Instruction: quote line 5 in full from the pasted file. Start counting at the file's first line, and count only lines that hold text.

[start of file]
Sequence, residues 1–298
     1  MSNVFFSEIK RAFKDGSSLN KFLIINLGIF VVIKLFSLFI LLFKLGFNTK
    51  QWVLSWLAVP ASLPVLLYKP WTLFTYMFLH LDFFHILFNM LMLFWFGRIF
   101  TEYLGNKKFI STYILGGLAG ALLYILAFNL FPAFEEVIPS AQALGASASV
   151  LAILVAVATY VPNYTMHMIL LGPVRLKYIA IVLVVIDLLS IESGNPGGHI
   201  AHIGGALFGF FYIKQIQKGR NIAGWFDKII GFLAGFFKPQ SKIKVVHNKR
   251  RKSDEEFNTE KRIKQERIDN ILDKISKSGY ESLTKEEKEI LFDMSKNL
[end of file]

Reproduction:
   151  LAILVAVATY VPNYTMHMIL LGPVRLKYIA IVLVVIDLLS IESGNPGGHI